I personally think the whole “find yourself, the inner you – ooh!” mumbo jumbo is just a front to make pretty the fact that SECRET is a non-profit organization specializing in pimping out hot guys to women in need. Not that I am against this, mind you, as, if this story is anything to go by, I think every woman deserves a SECRET or two. The sex scenes are hot, and in a few cases, actually romantic and even profound – and considering that they are basically anonymous encounters with guys she’d never see again, that’s really something. Even some of the sillier fantasies that would normally make me roll up my eyes – the one involving the hurricane (seriously) is ridiculous on paper – have me reading every word because, oh my, these scenes make my toes curl. They are hot, not because the author goes on and on about boinking, but because I am emotionally invested in Cassie’s sexual awakening (okay, that sounds dirty, but you know what I mean) so when the scenes are hot, they become really hot, if I am making any sense here. I’m not? Okay, these scenes are hot – period.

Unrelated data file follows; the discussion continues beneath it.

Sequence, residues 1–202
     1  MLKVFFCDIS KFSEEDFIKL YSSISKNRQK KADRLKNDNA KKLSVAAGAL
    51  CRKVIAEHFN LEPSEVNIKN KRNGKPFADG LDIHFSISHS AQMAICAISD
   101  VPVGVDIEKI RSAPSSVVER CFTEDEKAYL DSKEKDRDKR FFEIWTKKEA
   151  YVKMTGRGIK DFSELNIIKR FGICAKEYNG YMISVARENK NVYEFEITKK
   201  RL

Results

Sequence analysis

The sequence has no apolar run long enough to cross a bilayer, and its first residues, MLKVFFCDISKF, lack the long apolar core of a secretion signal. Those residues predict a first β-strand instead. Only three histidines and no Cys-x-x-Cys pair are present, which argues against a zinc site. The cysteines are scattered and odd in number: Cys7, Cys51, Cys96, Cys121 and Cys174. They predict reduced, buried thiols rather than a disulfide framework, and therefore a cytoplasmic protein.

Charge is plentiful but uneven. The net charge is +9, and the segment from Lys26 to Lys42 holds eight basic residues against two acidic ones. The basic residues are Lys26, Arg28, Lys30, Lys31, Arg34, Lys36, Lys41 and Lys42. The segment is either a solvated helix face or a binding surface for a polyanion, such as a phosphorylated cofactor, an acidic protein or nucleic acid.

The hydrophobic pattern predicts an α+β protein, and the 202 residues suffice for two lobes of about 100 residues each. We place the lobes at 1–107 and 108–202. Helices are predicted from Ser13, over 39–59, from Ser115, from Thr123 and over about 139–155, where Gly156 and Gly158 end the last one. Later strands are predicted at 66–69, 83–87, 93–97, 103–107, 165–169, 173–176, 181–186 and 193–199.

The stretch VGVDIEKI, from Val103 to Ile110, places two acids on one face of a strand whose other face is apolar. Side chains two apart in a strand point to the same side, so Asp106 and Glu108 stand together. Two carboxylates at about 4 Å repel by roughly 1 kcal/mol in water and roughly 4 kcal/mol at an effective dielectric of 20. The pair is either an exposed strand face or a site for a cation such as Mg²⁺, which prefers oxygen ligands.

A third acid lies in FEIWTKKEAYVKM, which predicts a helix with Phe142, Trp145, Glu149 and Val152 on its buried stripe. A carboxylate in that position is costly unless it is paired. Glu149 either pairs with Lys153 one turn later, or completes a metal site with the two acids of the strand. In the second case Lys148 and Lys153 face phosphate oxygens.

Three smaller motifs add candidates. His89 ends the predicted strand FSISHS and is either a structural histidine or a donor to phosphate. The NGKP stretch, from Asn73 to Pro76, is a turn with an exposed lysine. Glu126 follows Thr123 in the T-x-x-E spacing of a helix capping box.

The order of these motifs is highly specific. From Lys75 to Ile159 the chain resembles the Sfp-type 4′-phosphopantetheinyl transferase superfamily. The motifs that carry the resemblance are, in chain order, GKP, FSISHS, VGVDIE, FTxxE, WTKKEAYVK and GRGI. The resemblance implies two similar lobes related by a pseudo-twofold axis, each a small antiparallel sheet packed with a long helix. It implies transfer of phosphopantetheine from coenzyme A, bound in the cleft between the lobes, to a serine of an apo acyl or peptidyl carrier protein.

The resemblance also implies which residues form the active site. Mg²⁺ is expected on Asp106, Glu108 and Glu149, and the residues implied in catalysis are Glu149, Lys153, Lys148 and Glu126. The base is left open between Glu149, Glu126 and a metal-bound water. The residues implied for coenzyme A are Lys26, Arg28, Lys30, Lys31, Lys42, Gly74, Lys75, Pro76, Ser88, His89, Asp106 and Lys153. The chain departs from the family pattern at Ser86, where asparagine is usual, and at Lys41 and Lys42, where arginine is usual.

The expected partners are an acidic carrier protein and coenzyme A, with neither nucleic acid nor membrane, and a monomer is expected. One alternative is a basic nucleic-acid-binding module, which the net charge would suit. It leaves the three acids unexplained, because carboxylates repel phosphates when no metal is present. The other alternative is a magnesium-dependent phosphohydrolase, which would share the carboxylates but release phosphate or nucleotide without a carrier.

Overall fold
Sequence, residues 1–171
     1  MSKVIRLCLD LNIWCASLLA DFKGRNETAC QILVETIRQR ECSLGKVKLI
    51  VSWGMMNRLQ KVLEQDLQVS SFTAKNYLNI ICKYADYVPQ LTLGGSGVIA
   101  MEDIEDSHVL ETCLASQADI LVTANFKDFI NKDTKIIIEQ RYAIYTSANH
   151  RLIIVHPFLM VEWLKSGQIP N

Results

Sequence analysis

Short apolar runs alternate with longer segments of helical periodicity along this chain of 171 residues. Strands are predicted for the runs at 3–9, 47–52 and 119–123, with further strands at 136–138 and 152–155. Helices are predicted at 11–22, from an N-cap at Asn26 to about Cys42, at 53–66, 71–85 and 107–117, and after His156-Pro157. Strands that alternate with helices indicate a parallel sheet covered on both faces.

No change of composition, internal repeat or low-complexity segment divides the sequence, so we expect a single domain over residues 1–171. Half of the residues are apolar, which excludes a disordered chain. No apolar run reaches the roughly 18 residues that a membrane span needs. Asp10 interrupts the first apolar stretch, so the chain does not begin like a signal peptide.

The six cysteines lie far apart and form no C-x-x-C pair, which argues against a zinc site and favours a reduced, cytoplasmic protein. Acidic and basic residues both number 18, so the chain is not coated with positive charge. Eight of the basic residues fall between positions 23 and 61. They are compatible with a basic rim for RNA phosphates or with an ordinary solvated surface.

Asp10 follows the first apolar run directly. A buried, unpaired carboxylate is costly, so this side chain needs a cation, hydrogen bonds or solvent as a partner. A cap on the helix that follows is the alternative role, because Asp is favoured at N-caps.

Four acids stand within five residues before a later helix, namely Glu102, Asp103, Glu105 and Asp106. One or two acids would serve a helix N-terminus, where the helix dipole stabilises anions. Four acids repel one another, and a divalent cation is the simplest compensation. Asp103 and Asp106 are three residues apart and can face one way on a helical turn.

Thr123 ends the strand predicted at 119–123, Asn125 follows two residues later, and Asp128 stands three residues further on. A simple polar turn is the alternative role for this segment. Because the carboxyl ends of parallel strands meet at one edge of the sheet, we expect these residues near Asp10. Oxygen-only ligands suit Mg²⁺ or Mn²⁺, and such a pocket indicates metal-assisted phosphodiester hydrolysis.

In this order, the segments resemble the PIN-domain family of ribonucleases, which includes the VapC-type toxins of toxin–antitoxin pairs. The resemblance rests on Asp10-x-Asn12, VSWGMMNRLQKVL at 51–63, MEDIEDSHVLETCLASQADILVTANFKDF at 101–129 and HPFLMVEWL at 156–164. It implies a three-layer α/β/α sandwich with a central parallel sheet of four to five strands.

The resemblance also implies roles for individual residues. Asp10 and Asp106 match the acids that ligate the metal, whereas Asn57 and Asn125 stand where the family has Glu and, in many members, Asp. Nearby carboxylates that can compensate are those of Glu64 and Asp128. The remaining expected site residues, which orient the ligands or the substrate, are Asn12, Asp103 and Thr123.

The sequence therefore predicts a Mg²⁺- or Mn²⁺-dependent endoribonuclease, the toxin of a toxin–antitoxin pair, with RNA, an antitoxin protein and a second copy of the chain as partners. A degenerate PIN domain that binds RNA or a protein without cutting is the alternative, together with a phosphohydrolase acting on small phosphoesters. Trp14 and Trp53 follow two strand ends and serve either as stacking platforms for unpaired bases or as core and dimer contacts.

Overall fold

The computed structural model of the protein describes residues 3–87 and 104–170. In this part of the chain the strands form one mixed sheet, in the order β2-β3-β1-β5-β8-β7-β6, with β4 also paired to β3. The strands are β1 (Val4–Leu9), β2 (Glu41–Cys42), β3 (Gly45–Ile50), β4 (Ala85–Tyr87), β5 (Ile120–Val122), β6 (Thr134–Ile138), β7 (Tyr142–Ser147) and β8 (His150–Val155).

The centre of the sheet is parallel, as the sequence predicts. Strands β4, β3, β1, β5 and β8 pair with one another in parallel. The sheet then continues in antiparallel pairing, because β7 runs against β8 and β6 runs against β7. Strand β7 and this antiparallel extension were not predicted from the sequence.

My biggest issue is with the last few chapters, where I feel as if I had been forcefully ripped away from an intelligently written and occasionally thought provoking tale of one woman’s sensual journey and was unceremoniously dumped into a typical horrid cliché of a romance story where the heroine is this amazing woman panting after a man who is involved with a caricature of the other woman. This hook sets up future sequels to this book, naturally, but it is so trite and stupid compared to the rest of the story, ugh.
So, S.E.C.R.E.T. There is some romance here, but this book is all about the heroine’s sexual awakening, so you really should view this one as erotica with some hints of romance instead of an erotic romance. The author breaks several rules of the romance genre – the heroine sleeping with only the hero after meeting him is the first rule that bites the big one – but I personally feel that the breaking of these rules actually makes this book far more stronger. Anyway, I’m saying this because, while the author most likely wrote without paying any heed to romance genre rules, the book is being marketed towards fans of those books by EL James and her fan club members such as Sylvia Day. This book is not at all like those books – no billionaires in sight, hello – and I understand that hearts had been shattered when readers opened this book expecting another Fifty Shades of WTF carbon copy.
So, yes, I really like this one, although the last chapter ruins my mood considerably. I wouldn’t be averse to checking out the sequel when it comes out. If you are looking for an erotic read that is different from the current stale state of every other author rushing to cash in on the “BDSM: Billionaire Doms Sell for Millions” craze, this one may just be it. I know, it’s rather an amusing kind of irony, given how they are marketing this book and this author, but I guess sexy can be crazy like that sometimes.